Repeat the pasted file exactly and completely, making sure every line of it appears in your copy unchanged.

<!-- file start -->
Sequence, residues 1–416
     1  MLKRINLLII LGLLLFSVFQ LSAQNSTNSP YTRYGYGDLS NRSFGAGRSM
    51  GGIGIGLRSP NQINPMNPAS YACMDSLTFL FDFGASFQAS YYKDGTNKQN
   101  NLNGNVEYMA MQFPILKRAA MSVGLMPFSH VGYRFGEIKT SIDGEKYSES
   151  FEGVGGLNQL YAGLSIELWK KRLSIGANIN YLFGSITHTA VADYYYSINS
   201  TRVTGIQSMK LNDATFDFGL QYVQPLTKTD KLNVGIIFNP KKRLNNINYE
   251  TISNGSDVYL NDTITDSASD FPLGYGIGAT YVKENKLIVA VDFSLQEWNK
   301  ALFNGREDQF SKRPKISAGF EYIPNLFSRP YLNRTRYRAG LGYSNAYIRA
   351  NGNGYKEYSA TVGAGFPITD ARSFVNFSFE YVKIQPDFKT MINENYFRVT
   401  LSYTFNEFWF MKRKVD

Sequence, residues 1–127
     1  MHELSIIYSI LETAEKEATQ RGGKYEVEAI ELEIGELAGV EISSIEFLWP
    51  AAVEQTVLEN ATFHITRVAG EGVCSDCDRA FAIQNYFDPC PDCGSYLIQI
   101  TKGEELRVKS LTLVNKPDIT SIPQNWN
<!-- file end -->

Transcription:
Sequence, residues 1–416
     1  MLKRINLLII LGLLLFSVFQ LSAQNSTNSP YTRYGYGDLS NRSFGAGRSM
    51  GGIGIGLRSP NQINPMNPAS YACMDSLTFL FDFGASFQAS YYKDGTNKQN
   101  NLNGNVEYMA MQFPILKRAA MSVGLMPFSH VGYRFGEIKT SIDGEKYSES
   151  FEGVGGLNQL YAGLSIELWK KRLSIGANIN YLFGSITHTA VADYYYSINS
   201  TRVTGIQSMK LNDATFDFGL QYVQPLTKTD KLNVGIIFNP KKRLNNINYE
   251  TISNGSDVYL NDTITDSASD FPLGYGIGAT YVKENKLIVA VDFSLQEWNK
   301  ALFNGREDQF SKRPKISAGF EYIPNLFSRP YLNRTRYRAG LGYSNAYIRA
   351  NGNGYKEYSA TVGAGFPITD ARSFVNFSFE YVKIQPDFKT MINENYFRVT
   401  LSYTFNEFWF MKRKVD

Sequence, residues 1–127
     1  MHELSIIYSI LETAEKEATQ RGGKYEVEAI ELEIGELAGV EISSIEFLWP
    51  AAVEQTVLEN ATFHITRVAG EGVCSDCDRA FAIQNYFDPC PDCGSYLIQI
   101  TKGEELRVKS LTLVNKPDIT SIPQNWN